Tuesday, October 20, 2009

Can a Worldview Be Christian? No!

In the last post we noted Tillich's seperation of the eternal truth proclaimed by the Church from the temporal situations in the cultures to which it is preached. The entailment of that separation is that to mingle the eternal with the temporal is to confuse the "kerygma" with the "worldview" of the person preaching the "gospel." But confusing the things of God with the things of "man" is idolatry.

That is deliberately provocative, but with this end in mind. Perhaps you, like I, know persons--whole churchs with respect to some issues--who question whether, or more likely how, a person can be an evolutionist, or a conservative, or a liberal, or a relativist, or pro-gay, etc., and a Christian. The impression I usually get is that in fact a Christian who says that kind of thing believes that a right thinking person can't, but that some people are so muddled that they get a pass. And in my experience most Christians are mild-mannered enough to hear such things, smile, and walk away from a potential argument, even though they are bothered by such "worldview" militancy.

My point here is that we shouldn't walk away from this kind of thing. That is, we should engage in a kind of anti-worldview militancy with respect to understanding the gospel. For if we understand that there is a distinction of the kind Tillich makes, then we can't make truths bound to our historically-mediated understanding criteria of fidelity to the eternal truth we claim it is the duty of the Church to preach.

Now, despite my belief in militancy over this point, I want to be nice. But it's tough: Does any sane, informed person think that one's opinion on relativity, or evolution, or heliocentricity--or any historically conditioned belief--is part of the gospel? Well, perhaps a few; but then, they are so muddled that they get a pass. For being nice, that's the best I can do.

True, marvelous books have been written on whether there is such a thing a "Christian philosophy," and the point is well taken that we must try to think as Christians. (Gilson's The Spirit of Medieval Philosophy contains an excellent chapter on the question.) But my rejoinder to those who would stop there is that you aren't thinking enough. We can't stop at any point and say, "Eureka! My view of Christian faith is final and perfect." That would be idolatrous, not to mention crazy.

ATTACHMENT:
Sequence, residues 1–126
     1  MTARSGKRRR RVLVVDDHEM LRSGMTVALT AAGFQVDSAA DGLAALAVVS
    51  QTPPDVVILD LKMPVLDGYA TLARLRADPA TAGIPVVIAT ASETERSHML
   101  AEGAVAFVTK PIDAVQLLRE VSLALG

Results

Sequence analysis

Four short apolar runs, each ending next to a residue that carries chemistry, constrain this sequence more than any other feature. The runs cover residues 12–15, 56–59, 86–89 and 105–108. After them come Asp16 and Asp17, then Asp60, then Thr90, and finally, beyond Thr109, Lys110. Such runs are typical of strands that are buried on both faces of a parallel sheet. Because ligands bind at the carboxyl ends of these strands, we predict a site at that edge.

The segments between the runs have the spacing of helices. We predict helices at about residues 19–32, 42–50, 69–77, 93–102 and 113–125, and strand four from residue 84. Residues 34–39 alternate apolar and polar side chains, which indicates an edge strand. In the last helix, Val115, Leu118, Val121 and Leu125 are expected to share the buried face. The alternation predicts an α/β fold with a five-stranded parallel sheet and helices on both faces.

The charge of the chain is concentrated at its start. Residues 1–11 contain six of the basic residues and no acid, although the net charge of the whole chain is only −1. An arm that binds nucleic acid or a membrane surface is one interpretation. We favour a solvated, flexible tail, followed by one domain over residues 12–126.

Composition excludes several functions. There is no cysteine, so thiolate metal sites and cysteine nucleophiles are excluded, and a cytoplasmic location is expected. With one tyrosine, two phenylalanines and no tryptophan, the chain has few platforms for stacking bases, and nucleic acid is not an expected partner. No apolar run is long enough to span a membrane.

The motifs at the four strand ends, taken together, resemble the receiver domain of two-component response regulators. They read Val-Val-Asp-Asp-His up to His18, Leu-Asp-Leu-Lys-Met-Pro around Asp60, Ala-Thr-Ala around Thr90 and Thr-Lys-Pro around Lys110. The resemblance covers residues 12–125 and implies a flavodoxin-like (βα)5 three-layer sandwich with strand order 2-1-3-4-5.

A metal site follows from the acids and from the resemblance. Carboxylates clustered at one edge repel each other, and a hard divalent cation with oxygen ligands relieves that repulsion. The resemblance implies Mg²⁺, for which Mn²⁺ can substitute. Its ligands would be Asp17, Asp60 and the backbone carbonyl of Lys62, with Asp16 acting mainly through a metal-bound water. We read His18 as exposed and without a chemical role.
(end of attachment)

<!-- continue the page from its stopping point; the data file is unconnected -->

We must make a distinction between the gospel which is the message of the Church--the kerygma--and the way the churches at any time express it and think about it. If not, there are a great many things that a great many Christians have thought and expressed over the last 2,000 years. Do you really want to be saddled with them all?

If not. A criterion is needed. The critirion will be the subject of the next post.

6 comments:

Richard Beck said...

Great post. I heartily agree.

Tracy Witham said...

Thanks for saying so--and I don't mean to imply that you didn't really mean it. I was afraid that jumping your platform without your permission, well, that it was a mistake. So I'm releaved to have the nice comment.

Under the Eagle's Wing said...

I have read Tim Keller's book The Reason for God (once through and again in parts)and see in your posts the same themes and thoughts.
Thank You I look forward to reading more of your insightful comments. John

Jason Coriell said...

I'm reading along and am getting it.

JUSTIN said...

I already like this series of posts. I am having a conversation with a friend over this exact thing (I think). He is afraid I am being swayed from the "truth"; I say I am trying to peel away the baggage well-meaning men have piled onto the basic truth of the good news. This is very timely and relevant, at least for me.

Tracy Witham said...

John, Jason, and Justin,

I'm going to tie things together at the end with some notes from Augustine's Confessions. He argued along these lines 1,600 years ago, after having come out of Manichaeanism, where the situation was much like it is today in Christian fundamentalism. It's nice to be able to lean on the most influential post-canonical writer in this, and it strikes me as so odd that his position isn't more widely known...

Anyway, I really appreciate the comments, and the tip on THE REASON FOR GOD (though I don't really need another book to feel guilty for not having read :-)), and am very much encouraged to hear that people are thinking and talking about this.

Tracy